South Salt Lake • Michael Knight tried for several years to open a winery in California, but after enduring bureaucratic red tape and restrictions, he decided to take his wine business someplace more accommodating — Utah.
He opened Kiler Grove Winegrowers, a small boutique winery, about three weeks ago in a remodeled warehouse in South Salt Lake. While it’s not the state’s first winery — there are two in Moab — it’s the only one in urban Salt Lake County. A tasting room allows wine lovers 21 and older a chance to try free samples of the Kiler Grove wines before purchasing. Currently Kiler Grove offers three red wines and a white.
Kiler Grove Wines
There are currently four wines available for purchase at Kiler Grove Winemakers
Where » 53 W. Truman Ave. (2330 South), South Salt Lake; 801-746-0977 or visit www.kgwwine.com.
Hours » Thursday-Saturday, noon to 7 p.m.
2008 Trebbiano » A little-known Italian varietal that’s bold and crisp, with fresh kiwi, grapefruit and melon flavors, $14.50.
2007 Interpretation » This blend of Grenache, Mourvedre and Petite Sirah pays homage to the wine of the southern Rhone regions of France, $20.
2007 Zinergy » This food-friendly red is a blend of Zinfandel, Grenache and Petite Sirah, $18.
2007 Petite Sirah » A dense, dark, rich wine packed with dark fruit flavors, $22.
Knight is still in the process of moving oak barrels and other equipment to Utah for the operation, which produces only about 1,500 cases of wine each year. The wines he currently sells are from the 2007 and 2008 grape harvest and have been aging in oak barrels in California while he worked to get his Utah operation up and running. The wine was then shipped and bottled in Utah, Knight said. In the future, just-picked grapes from his vineyard or freshly crushed juice will be shipped directly to the South Salt Lake winery for crushing, aging and bottling.
The winery received two licenses from the state Division of Alcohol Beverage Control, said John Freeman, the agency’s deputy director. The first is a winery license that allows Knight to produce the wine and operate a tasting room. The second is a packaging license that allows him to sell his wine on site.
"There must be a clear delineation between the two rooms," Freeman said, "because under state law there can be no consumption of alcohol in a liquor store."
Kiler Grove is one of a growing number of Utah businesses that specialize in small-batch boutique spirits. Others include High West Distillery in Park City, which produces whiskey and vodka, and Epic Brewing in Salt Lake City, which makes high-alcohol beer. Neither of those business are allowed to have public tasting rooms, however, because the state distillery laws don’t allow it, Freeman said.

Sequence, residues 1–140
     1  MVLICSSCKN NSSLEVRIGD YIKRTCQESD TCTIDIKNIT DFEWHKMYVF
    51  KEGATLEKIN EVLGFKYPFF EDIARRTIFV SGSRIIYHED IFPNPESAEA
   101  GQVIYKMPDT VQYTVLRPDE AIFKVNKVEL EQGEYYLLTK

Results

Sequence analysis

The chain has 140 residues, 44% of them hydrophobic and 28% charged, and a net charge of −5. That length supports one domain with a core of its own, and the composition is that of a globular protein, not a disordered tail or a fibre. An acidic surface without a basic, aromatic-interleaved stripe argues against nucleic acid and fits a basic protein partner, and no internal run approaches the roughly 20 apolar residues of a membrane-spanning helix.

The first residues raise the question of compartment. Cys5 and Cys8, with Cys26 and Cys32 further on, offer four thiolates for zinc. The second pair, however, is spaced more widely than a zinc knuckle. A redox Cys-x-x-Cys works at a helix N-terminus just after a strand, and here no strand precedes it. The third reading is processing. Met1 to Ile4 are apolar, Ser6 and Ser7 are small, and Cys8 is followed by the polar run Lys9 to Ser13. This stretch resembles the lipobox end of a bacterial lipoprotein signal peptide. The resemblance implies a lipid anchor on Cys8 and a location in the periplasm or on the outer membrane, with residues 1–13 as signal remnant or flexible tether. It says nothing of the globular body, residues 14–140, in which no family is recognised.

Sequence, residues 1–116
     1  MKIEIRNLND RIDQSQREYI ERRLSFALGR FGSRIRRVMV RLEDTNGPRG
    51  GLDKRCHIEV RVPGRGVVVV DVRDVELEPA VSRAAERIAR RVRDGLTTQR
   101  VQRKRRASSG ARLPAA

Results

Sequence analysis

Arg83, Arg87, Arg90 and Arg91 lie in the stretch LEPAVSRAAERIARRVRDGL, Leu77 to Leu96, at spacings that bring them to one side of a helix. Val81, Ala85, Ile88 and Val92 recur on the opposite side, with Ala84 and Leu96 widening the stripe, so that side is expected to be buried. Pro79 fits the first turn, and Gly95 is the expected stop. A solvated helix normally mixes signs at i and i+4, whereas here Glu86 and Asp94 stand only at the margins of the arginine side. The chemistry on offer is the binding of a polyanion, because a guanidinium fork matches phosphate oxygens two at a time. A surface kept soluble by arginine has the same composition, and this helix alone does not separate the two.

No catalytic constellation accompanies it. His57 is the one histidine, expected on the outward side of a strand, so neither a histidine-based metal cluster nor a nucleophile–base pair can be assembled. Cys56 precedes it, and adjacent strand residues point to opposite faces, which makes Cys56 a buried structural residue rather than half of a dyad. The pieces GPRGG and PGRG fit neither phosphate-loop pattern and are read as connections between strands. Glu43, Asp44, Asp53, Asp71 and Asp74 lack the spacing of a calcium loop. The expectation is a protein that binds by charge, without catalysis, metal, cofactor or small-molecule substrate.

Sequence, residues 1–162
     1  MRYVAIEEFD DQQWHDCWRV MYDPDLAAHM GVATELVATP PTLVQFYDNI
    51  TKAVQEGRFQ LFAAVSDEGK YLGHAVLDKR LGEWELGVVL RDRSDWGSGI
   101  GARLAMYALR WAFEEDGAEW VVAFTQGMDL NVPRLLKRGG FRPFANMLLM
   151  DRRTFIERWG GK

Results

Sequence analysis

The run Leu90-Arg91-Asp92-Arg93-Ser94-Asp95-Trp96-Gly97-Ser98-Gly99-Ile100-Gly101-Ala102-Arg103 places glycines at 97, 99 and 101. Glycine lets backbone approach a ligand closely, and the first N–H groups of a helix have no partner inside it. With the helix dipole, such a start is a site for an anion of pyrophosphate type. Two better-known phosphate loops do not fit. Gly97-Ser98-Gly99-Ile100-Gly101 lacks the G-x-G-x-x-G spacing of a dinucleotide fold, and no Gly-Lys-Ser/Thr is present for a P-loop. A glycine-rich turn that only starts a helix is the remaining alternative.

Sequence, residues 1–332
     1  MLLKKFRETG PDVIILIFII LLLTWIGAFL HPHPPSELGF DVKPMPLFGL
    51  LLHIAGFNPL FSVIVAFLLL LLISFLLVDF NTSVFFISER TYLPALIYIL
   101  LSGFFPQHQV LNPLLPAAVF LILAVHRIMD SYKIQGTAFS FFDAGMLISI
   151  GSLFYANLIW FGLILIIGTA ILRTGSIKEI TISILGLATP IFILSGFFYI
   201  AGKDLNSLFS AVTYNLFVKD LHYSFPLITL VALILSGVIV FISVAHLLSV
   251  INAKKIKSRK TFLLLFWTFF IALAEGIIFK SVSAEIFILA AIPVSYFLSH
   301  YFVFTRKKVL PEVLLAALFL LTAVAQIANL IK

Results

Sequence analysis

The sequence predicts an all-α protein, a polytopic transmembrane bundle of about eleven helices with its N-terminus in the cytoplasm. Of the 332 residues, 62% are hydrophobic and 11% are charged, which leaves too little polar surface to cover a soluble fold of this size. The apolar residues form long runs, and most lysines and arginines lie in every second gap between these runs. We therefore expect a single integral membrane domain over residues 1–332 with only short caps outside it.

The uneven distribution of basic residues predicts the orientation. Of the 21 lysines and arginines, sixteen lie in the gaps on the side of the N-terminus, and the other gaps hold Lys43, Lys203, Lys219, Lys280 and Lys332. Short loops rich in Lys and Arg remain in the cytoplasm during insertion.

Knight, who co-owns the winery with his wife, Elva, and his brother-in-law, David Olsen, grew up in the Sonoma and Napa Valley wine-growing region. As a young man, he worked as a "cellar rat," helping to harvest and operate equipment to earn money.
He went to college, earned a bachelor’s degree and moved away from California. The Knights lived in various states before settling in Holladay about 26 years ago. He worked as a fleet manager for a local company, but in his spare time dabbled in winemaking. He even helped the owners of La Caille restaurant in Sandy turn their grapes into some notable wines.
But Knight yearned for a larger-scale operation. About 10 years ago, he purchased a 100-year-old almond grove in Kiler Grove Canyon, on the west side of the Paso Robles Appellation in California. While the soil is rocky and seems infertile, Knight said grapes thrive in the climate that boasts warm days and cool nights with misty ocean breezes.
For the next decade, he shuttled back and forth between California and Utah as he planted the vineyard and tried to get the permits to open a winery. The process was tedious and expensive and ultimately went nowhere. The final straw: San Luis Obispo County didn’t allow wineries to have tasting rooms.
"At that point we thought maybe we’d just have to be grape farmers," Knight said.
Then a Utah friend suggested he open his winery closer to his Salt Lake County home. He purchased the property at 53 W. Truman Ave. (2330 South) in June 2010.
While the licensing process in Utah wasn’t easy, it went significantly smoother and quicker than in California.
"Winemaking is something that has always been in my background and is a significant part of me and something I’ve always wanted to do," Knight said.
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